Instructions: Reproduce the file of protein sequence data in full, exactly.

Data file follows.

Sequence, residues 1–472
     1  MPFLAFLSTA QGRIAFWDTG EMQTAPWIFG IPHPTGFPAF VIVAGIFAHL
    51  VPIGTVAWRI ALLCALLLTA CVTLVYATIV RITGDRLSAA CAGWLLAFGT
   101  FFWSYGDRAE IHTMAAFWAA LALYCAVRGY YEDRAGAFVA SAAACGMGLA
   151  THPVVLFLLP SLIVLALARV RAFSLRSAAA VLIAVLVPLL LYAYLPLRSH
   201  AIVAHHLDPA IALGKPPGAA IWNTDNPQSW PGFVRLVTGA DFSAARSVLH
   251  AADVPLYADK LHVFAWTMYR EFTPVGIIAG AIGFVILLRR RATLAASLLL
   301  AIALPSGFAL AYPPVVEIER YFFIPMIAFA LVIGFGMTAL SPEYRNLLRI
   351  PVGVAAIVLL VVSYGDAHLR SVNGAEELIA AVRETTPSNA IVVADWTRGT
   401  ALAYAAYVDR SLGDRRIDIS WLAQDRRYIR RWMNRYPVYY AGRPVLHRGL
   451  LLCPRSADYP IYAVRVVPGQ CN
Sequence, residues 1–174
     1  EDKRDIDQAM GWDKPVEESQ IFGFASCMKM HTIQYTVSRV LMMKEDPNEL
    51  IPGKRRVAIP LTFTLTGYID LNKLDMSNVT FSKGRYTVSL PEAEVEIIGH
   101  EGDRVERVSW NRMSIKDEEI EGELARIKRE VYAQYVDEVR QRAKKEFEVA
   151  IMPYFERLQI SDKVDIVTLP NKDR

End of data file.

Sequence, residues 1–472
     1  MPFLAFLSTA QGRIAFWDTG EMQTAPWIFG IPHPTGFPAF VIVAGIFAHL
    51  VPIGTVAWRI ALLCALLLTA CVTLVYATIV RITGDRLSAA CAGWLLAFGT
   101  FFWSYGDRAE IHTMAAFWAA LALYCAVRGY YEDRAGAFVA SAAACGMGLA
   151  THPVVLFLLP SLIVLALARV RAFSLRSAAA VLIAVLVPLL LYAYLPLRSH
   201  AIVAHHLDPA IALGKPPGAA IWNTDNPQSW PGFVRLVTGA DFSAARSVLH
   251  AADVPLYADK LHVFAWTMYR EFTPVGIIAG AIGFVILLRR RATLAASLLL
   301  AIALPSGFAL AYPPVVEIER YFFIPMIAFA LVIGFGMTAL SPEYRNLLRI
   351  PVGVAAIVLL VVSYGDAHLR SVNGAEELIA AVRETTPSNA IVVADWTRGT
   401  ALAYAAYVDR SLGDRRIDIS WLAQDRRYIR RWMNRYPVYY AGRPVLHRGL
   451  LLCPRSADYP IYAVRVVPGQ CN
Sequence, residues 1–174
     1  EDKRDIDQAM GWDKPVEESQ IFGFASCMKM HTIQYTVSRV LMMKEDPNEL
    51  IPGKRRVAIP LTFTLTGYID LNKLDMSNVT FSKGRYTVSL PEAEVEIIGH
   101  EGDRVERVSW NRMSIKDEEI EGELARIKRE VYAQYVDEVR QRAKKEFEVA
   151  IMPYFERLQI SDKVDIVTLP NKDR